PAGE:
Say that capitalism has two main features.

1) Blind accumulation / consumption.

Capitalism is a system of economic and social organisation oriented toward production as an end in itself. Clearly the ‘profit motive’ is important here. But the ‘profit motive’ is only one of the more important of the various group or individual inclinations created by and sustaining a system oriented to production for its own sake. It’s a secondary question what is produced, and why – which is why Marx talks about people being subordinated to the processes of production, rather than the other way around. Another useful touchstone here is Keynes, in The Economic Consequences of the Peace.

The immense accumulations of fixed capital which, to the great benefit of mankind, were built up during the half century before the war, could never have come about in a society where wealth was divided equitably. The railways of the world, which that age built as a monument to posterity, were, not less than the pyramids of Egypt, the work of labour which was not free to consume in immediate enjoyment the full equivalent of its efforts.

Thus this remarkable system depended for its growth on a double bluff or deception. On the one hand the labouring classes accepted from ignorance or powerlessness, or were compelled, persuaded, or cajoled by custom, convention, authority, and the well-established order of society into accepting, a situation in which they could call their own very little of the cake that they and nature and the capitalists were co-operating to produce. And on the other hand the capitalist classes were allowed to call the best part of the cake theirs and were theoretically free to consume it, on the tacit underlying condition that they consumed very little of it in practice. The duty of ‘saving’ became nine-tenths of virtue and the growth of the cake the object of true religion. There grew round the non-consumption of the cake all those instincts of puritanism which in other ages has withdrawn itself from the world and has neglected the arts of production as well as those of enjoyment. And so the cake increased; but to what end was not clearly contemplated.

Another good touchstone here would be Weber on the Protestant Ethic, but it’s a while since I read it. And thinking of Weber, an important point of divergence from Keynes in this passage, I think, should be his analogy with religion. Depending on our understanding of religion, this may be fine – but it’s important to register, I think, that a general social inclination towards blind accumulation need not be produced by any individual or group faith in or orientation towards that end. We ourselves don’t need to believe in the virtues of blind accumulation in order for our actions to part of a social-economic system oriented towards it.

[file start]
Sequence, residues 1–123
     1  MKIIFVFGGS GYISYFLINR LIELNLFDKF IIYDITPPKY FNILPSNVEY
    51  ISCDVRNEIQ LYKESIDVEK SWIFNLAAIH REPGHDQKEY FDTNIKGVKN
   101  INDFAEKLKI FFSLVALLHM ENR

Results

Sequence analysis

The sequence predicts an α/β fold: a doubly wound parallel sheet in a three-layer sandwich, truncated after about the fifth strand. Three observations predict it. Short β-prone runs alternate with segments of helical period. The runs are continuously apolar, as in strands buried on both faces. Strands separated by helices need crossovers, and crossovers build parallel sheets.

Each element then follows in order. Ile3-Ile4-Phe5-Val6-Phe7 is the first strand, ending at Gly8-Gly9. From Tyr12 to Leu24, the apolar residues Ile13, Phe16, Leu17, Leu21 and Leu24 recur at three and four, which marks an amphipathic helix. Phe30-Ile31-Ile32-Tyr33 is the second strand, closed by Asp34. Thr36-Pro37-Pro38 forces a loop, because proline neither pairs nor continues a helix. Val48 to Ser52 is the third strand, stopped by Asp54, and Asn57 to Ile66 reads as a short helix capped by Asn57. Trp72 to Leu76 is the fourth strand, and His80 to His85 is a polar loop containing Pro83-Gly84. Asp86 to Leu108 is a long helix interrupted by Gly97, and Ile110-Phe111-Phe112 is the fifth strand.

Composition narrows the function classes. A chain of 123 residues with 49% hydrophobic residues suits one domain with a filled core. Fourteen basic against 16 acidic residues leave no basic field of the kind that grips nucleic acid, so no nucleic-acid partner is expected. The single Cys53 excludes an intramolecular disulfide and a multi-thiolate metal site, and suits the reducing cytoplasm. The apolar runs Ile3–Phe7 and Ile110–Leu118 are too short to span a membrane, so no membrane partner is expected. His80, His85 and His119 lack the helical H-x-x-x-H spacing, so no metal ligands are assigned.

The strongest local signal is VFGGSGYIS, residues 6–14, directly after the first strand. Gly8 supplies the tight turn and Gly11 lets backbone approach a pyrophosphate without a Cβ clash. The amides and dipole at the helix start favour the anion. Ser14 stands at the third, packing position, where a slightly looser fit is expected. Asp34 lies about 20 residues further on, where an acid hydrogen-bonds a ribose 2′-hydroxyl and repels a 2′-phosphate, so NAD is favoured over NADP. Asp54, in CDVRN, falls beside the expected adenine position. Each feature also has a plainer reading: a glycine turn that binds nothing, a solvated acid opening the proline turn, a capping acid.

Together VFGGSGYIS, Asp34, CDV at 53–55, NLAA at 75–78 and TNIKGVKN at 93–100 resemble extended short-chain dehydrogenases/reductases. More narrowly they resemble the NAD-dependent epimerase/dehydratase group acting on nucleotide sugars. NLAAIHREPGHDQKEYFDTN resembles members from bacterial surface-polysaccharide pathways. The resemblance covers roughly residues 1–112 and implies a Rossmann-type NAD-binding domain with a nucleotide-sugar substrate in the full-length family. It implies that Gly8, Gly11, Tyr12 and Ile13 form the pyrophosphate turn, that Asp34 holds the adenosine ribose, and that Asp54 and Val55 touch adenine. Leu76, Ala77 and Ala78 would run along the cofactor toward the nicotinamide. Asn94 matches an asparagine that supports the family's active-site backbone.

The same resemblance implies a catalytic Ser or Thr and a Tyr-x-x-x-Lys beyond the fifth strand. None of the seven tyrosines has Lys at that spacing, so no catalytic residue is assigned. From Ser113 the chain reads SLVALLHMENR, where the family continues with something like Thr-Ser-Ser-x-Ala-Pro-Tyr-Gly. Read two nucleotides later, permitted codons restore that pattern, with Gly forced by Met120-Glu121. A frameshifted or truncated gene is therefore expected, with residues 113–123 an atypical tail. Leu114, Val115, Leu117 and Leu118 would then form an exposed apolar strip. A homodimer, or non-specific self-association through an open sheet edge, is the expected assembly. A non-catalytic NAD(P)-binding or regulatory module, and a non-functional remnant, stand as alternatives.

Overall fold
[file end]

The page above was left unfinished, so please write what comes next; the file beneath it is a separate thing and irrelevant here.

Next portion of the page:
Another question here is what we mean by ‘production’. Capitalism counts certain behaviours as productive and others as non-productive. Indeed, there’s a two-fold division – between those activities that supposedly fall entirely outside the capitalist system of production (say, much of family life), and those in some sense non-productive activities that are universally acknowledged as central (e.g. finance). Not sure I’ve got anywhere to go with this just yet. But worth noting, I think, that lots of stuff that’s supposedly external to capitalism even in the former sense is no doubt important to the reproduction of the social forms that everyone acknowledges as capitalistic.

More should be said on all this, obviously, but moving on…

2) A system of production oriented around wage labour.

This is altogether shakier than #1, I think. Clearly slavery has played and continues to play a profoundly important role in capitalist accumulation. Nevertheless, the reason Marx gives labour such an important role in his economic & political writings isn’t just that he’s participating in and trying to foster a political movement of the working class; and isn’t just because labour as a transhistorical activity is essential to any production at all. Marx also sees wage labour as an essential feature of the capitalist system. (c.f. Diane Elson on The Value Theory of Labour.) My historical knowledge is more than a little shaky – but I think it’s probably fair to see capitalism proper emerging alongside the social upheavals that created a large-scale market in wage labour.


Probably worth noting, however, that we don’t necessarily need to find an essence of capitalism in order to, like, talk about or oppose it. It’s worth at least thinking about what such an essence might be, however, since lots of the central features of capitalism that we want to fucking abolish – e.g. massive exploitation – clearly aren’t specific to capitalism (even if capitalism’s specific forms of exploitation are). Also, contrariwise, because if we have an inaccurate sense of what’s essential to the capitalist system, we may direct our critiques and action against political or social forms that capitalism (and its regimes of exploitation) can operate perfectly well without.

Or it may be unhelpful even to think in these terms, I’m not sure.

[As will become customary, the ‘NP’ tag means that this stuff is… erm… in dialogue with Rough Theory. NP has a couple posts about Diane Elson’s essay here, for instance.]

October 13, 2008

Between Totality and Individualism

Filed under: Economics, NP, Politics — duncan @ 4:21 pm